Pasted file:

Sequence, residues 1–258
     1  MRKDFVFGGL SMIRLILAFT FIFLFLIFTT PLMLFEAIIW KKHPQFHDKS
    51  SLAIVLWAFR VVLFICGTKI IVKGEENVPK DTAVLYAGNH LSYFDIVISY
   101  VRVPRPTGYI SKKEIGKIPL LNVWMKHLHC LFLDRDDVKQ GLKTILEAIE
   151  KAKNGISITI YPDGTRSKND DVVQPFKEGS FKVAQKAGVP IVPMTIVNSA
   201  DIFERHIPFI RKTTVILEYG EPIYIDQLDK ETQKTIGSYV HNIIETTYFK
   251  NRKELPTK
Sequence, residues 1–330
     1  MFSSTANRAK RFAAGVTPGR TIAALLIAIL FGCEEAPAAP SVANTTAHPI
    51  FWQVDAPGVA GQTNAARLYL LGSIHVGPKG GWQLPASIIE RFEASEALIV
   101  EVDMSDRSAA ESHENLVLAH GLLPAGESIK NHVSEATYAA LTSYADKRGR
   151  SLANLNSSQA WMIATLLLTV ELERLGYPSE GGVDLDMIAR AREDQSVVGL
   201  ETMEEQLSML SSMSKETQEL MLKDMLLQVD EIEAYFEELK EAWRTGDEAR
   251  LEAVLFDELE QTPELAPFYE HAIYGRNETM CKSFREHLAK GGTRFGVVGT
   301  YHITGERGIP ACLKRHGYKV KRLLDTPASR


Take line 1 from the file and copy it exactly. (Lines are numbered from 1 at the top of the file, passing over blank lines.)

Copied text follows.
Sequence, residues 1–258